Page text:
At the other end of the experience spectrum was this year’s Celebrity Guest Rider, Rocco Wachman, a real working cowboy. Rocco is also an author and the Senior Instructor at the world famous Arizona Cowboy College, and, for six seasons the star of CMT’s Cowboy-U. “I had heard about this ride for years” said Rocco, “and it has been on my ‘bucket list’ for about 10 years and I finally got the opportunity to come.”

Wachman works on a cow/calf operation in Arizona and has years of ranching experience, but he admitted that the horse drive would be new to him. “I have never done what we are going to do for the next two days – kick out 600 head of horses and go with them,” Rocco said, “That’s the part that’s been on the bucket list. And to do it in a historic place like this is just Christmas for me.”

No matter what the experience level, the reaction to the experience was universally positive. Janis Sheer said, “Unbelievable!! More than I ever imagined – just seeing all those horses together is amazing.” Bob Michel said, “I fell off,” but added proudly, “but I got right back on and finished the drive. To see 600 horses move at once is a dream come true.” Rocco Wachman said, “It was fantastic! There are not many places where you can see that many horses running free. I don’t have words to explain it. It was so much fun.”

Rocco, Bob, Janis and Rosemary all rode ‘gate to gate’ and proudly claimed their trophy buckle. Unfortunately, five of the 65 guest riders were too sore to finish and did not get the coveted buckle.

If you think that you have what it takes to complete the Sombrero Ranches Great American Horse Drive and claim your Gate to Gate buckle, please call Lee Peters at (303) 442-0258.

Early in May the sound of thundering hooves of 600 horses rolls across open BLM land northeast of Craig, Colo. This ritual of Spring has been going on for over 50 years. It is the annual Sombrero Ranches Horse Drive.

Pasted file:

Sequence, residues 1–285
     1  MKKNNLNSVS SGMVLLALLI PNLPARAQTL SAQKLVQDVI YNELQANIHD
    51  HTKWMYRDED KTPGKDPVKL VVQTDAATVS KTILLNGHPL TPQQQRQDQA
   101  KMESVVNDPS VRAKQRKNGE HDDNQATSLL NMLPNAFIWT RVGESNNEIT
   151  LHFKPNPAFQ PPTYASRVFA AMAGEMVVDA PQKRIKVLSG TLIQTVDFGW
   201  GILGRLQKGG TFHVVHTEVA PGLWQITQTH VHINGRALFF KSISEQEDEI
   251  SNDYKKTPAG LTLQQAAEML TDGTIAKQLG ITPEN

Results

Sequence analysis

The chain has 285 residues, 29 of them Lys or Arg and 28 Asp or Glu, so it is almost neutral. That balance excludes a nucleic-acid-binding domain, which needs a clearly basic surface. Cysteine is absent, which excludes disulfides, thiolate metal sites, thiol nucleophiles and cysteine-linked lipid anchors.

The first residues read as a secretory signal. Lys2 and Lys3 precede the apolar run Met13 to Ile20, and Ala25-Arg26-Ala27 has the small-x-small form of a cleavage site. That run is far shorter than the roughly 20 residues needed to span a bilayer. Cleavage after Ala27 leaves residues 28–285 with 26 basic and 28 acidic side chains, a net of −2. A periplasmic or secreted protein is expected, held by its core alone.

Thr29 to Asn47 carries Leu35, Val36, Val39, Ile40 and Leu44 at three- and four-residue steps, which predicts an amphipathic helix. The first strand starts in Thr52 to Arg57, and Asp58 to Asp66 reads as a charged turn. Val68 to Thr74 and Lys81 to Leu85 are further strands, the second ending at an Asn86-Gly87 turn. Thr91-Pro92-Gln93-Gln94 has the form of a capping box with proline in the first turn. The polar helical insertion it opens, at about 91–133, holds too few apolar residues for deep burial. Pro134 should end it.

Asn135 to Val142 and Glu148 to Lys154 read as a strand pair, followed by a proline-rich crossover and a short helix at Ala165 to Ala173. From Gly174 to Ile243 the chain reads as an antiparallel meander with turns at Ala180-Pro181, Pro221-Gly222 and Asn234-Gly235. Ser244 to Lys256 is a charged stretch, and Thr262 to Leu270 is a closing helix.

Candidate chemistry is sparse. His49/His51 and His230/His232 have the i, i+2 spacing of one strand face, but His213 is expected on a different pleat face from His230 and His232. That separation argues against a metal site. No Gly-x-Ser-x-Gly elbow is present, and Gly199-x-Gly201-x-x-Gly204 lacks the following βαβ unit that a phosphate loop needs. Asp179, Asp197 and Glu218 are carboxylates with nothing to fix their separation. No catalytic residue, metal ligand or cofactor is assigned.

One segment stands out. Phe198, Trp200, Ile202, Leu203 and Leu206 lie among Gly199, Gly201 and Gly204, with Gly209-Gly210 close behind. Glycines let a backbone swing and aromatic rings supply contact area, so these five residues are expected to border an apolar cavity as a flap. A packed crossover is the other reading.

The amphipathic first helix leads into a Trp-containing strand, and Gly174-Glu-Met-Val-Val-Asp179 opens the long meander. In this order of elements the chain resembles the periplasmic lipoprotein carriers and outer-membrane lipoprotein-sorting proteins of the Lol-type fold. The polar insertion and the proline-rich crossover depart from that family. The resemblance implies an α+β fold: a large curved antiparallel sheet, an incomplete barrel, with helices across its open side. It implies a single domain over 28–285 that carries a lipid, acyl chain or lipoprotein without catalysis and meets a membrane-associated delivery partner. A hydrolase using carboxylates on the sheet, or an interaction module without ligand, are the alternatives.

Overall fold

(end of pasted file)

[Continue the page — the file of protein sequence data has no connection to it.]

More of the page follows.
Sombrero Ranches is the largest saddle horse company in the United States. It was started in Boulder, Colo., in 1958 by Rex Walker. “The first year we rented 16 horses and had an old broken down Chevy truck. We rented some horses to some people in Breckenridge as well as some people outside of Estes Park,” said Walker. The corporate offices are in Longmont, Colo., and their 280 acre ranch in nearby Niwot, serves as the company hay farm and horse distribution center and roughly 400 horses are wintered here.

There are also three Sombrero Ranches in northwest Colorado in Brown’s Park, Craig and Meeker. Sombrero Ranches owns the very successful Estes Park Stables and has the rental horse concession for all the stables in Rocky Mountain National Park, as well as the two YMCA of the Rockies camps. “We now rent horses in Colorado, Utah, Arizona, California, Wyoming, Montana and New Mexico. We rent them any where people want them,” said Walker.

Members of the Walker family have started horse rental operations in Wyoming and Montana. From his start with only 16 horses that he rented from someone else, Walker estimates that the family now owns over 5,000 horses.

Driving their horses from wintering pastures in Brown’s Park in far northwestern Colorado across BLM land and along county roads to Craig, Colo., has long been a practice of the Sombrero Ranches. Moving large herds of horses or cattle is something that has all but vanished from The West of the 21st century. Twenty five years ago Rex Walker, decided to share with others the western experience of gathering and moving a large herd of horses over 62 miles. Rex opened his horse drive up to a limited number of guest riders, and the Great American Horse Drive was born.